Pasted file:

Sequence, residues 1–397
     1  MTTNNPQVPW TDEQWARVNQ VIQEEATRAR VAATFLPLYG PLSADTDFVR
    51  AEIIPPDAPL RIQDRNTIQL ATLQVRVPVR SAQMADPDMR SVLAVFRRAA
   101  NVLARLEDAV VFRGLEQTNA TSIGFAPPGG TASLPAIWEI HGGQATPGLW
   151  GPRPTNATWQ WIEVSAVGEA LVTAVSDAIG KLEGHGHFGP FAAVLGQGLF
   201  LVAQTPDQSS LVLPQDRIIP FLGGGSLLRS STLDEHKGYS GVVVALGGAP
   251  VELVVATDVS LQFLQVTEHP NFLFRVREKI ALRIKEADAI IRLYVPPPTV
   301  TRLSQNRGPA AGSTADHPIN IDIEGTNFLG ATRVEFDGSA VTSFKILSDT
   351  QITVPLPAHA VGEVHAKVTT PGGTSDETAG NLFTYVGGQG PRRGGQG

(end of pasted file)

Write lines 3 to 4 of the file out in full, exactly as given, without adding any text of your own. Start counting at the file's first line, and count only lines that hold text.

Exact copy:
    51  AEIIPPDAPL RIQDRNTIQL ATLQVRVPVR SAQMADPDMR SVLAVFRRAA
   101  NVLARLEDAV VFRGLEQTNA TSIGFAPPGG TASLPAIWEI HGGQATPGLW